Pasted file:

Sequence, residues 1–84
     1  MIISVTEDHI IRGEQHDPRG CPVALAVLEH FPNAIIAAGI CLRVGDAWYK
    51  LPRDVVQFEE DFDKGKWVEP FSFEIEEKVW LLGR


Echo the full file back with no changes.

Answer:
Sequence, residues 1–84
     1  MIISVTEDHI IRGEQHDPRG CPVALAVLEH FPNAIIAAGI CLRVGDAWYK
    51  LPRDVVQFEE DFDKGKWVEP FSFEIEEKVW LLGR